It may be a day or two before I get around to adding them to the list on the left sidebar, but there are some new sales outlets for the Essex Coastal Byway Guide. What's cool is that they're all deeply ensconced in the area's maritime heritage. Lowell's Boat Shop in Amesbury isn't technically on the Byway, but close enough that they're in the book. They're the oldest continuously operating boat shop in Americam having been at it since 1793. A few miles down the road is the Essex Shipbuilding Museum, which ecompasses the history of a local trade going back to the 1600s at the site. Across an inlet from the museum is the boatshop of Harold Burnham, who built the Ardelle, which now sails out of Maritime Gloucester, a sort of community learning center on the central harbor in America's oldest seaport. (That's the Ardelle, in skeletal form, in Dylan Metrano's papercut, which appears above and on the book cover.) The book is on sale in all three places, so if you stop in to see 'em, buy a Byway Guide and tell them I sent you.
Great time at the Newburyport Lit Fest today.
Ghlee and I drew a full house at the Art Association, although you
can't tell by the book signing picture below. And I sold some Essex Coastal Byway
Thanks to everyone who made Friday a great night for the Essex Coastal Byway Guide at the Custom House Maritime Museum in Newburyport. Executive director Michael Mroz tells me the turnout of members and would-be members was 110, a First Friday record. And from the podium, at least, it looked like most of them made it into the audience for short talks by myself and Bill Steelman of Essex Heritage. (That's Bill at the podium in the picture, below, and me in the background.)
Everyone learned about the Essex Coastal Scenic Byway from Bill, and I hope a little bit about North Shore history from me. At least there were some laughs. Question of the night: "Which is worse, the Salem witch trials or Fox News?" I managed to dodge that one, and apparently everyone had a good time, because I sold dozens of books, really my best night's sales since the launch party. So thanks to Michael, Bill, and everyone, as well as to museum volunteer Isa Cann for the photos.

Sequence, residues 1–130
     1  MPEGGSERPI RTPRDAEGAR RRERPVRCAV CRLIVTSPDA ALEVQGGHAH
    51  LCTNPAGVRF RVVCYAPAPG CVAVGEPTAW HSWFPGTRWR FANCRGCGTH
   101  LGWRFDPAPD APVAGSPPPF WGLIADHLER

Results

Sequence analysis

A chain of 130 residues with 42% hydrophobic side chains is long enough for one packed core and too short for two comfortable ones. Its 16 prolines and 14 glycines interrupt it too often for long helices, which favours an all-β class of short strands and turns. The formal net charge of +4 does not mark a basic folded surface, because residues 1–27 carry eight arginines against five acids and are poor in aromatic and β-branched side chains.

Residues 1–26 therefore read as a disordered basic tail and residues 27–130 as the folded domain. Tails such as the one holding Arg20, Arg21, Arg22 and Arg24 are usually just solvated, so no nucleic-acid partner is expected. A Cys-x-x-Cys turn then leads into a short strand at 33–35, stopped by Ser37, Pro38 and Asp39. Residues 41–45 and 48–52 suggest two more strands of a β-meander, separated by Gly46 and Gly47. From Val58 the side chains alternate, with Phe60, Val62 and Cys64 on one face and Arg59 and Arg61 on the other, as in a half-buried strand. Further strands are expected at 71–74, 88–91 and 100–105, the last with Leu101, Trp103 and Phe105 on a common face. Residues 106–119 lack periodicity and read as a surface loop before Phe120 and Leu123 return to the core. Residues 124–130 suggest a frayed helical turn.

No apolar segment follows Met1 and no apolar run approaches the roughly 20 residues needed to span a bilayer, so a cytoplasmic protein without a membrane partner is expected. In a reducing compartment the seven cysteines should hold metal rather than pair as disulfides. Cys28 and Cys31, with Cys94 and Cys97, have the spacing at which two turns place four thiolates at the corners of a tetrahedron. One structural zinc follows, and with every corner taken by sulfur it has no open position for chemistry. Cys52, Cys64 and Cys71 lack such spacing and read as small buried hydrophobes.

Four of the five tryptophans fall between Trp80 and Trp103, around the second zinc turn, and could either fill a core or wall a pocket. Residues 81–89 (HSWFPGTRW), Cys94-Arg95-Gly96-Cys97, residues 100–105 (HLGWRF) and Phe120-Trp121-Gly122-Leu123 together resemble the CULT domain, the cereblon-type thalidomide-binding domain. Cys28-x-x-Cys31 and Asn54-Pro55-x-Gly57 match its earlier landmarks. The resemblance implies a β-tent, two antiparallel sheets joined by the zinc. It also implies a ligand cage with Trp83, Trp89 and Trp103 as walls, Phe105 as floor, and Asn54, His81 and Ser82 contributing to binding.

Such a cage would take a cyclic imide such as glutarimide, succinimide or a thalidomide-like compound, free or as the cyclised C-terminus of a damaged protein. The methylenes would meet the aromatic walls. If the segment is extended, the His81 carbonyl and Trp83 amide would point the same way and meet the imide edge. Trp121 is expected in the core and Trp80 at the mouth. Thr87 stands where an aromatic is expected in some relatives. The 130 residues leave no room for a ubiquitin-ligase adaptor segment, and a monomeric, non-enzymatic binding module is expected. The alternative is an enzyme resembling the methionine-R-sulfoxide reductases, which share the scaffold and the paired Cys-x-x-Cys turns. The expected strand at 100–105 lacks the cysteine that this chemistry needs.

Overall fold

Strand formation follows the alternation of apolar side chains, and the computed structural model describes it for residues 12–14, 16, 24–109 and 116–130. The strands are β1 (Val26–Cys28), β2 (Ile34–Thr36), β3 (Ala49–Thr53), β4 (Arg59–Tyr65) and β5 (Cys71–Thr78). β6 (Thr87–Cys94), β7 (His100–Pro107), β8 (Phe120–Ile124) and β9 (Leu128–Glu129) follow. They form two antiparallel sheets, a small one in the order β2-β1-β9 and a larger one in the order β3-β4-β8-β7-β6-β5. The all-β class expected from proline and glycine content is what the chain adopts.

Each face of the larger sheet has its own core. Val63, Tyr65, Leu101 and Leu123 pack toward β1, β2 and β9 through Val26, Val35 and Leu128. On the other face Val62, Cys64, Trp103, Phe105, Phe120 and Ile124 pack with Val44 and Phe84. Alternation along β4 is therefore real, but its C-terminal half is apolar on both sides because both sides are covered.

As noted below, I'll be joining Bill Steelman of Essex Heritage at the mic for First Friday at the Custom House Maritime Museum in Newburyport on April 5. That's a member event (although you can join that night and still get in on the buffet and drinks). But everyone is invited when I'll be on a panel at the Newburyport Literary Festival on April 27. Ghlee Woodworth and I will talking about Newburyport walking trails, local history, the byway and so forth at 11 a.m. at the Newburyport Art Association. And best of all, it's free! And I'll be the speaker at the Lynn Museum's annual membership meeting in May. In each case I'll be selling and singing signing the Essex Coastal Byway Guide for interested parties. (Although, for a price, I might sing it too.)
Myself and Bill Steelman of Essex Heritage will be talking about the Essex Coastal Scenic Byway at the Custom House Maritime Museum at the regular First Friday gathering for museum members and their guests in Newburyport on April 5 at 6 p.m. If you know someone who's a museum member, you ought to wrangle yourself an invite, because it's an excellent chance to check out the museum while enjoying a snack and a beverage. Bill will update everyone on the progress of promoting the 85-mile byway that runs through 13 towns on the North Shore, and then I'll try to entertain with some anecdotes from along the way as well as the backstory on the Essex Coastal Byway Guide. Oh, and I'll be signing books, too.
Well, it would be if I was having a photo contest. This shot by Brad Kelly was taken yesterday at True Grounds in Ball Square, Somerville. My favorite pic of the Essex Coastal Byway Guide so far, although most people remark on the tabletop, not the cover.
I don't normally cross-pollinate the Essex Coastal Byway Guide and my other writing. But in this case my street cred as a North Shore knowitall is on the line, so ... if you've never been to The Riverside in Ipswich for pizza, you'll want to read my Globe North review. It's a townie kind of place, they only take cash, and all they serve is pizza. But it's worth knowing about, seriously.
It was a snowy, wet, miserable morning last Thursday, but inside the the Smith Barn at Brooksby Farm in Peabody all was dry and friendly for the annual meeting of the Essex National Heritage Commission. About 100 North Shore notables turned out, and a significant percentage of them went home a few bucks lighter but with a copy of the Essex Coastal Byway Guide in hand. Thanks as always to Essex Heritage for having me and for sending along the photo of me and the buckboard. Mmmm, coffeecake.
I drove down to Gloucester last Sunday morning to collect the endorsement of Joey C. and Good Morning Gloucester for the Essex Coastal Byway Guide. Had a hella fun chat with Joey in his office on the dock, though I still can't bear to look at myself on video (see post below). On the way home I stopped in Essex to take this picture of Harold Burnham's schooner the Ardelle, which is pictured in skeletal form on the cover in one of Dylan Metrano's paper cuts:
Thank you all for turning out for the launch party for the ESSEX COASTAL BYWAY GUIDE at Plum Island Coffee Roasters on Friday night. I don't want to say how many people were there, because I don't want to get Bruce in trouble, but we wuz mobbed! Thanks to Bruce and company for hosting, and thanks to Kay Bice for the pic.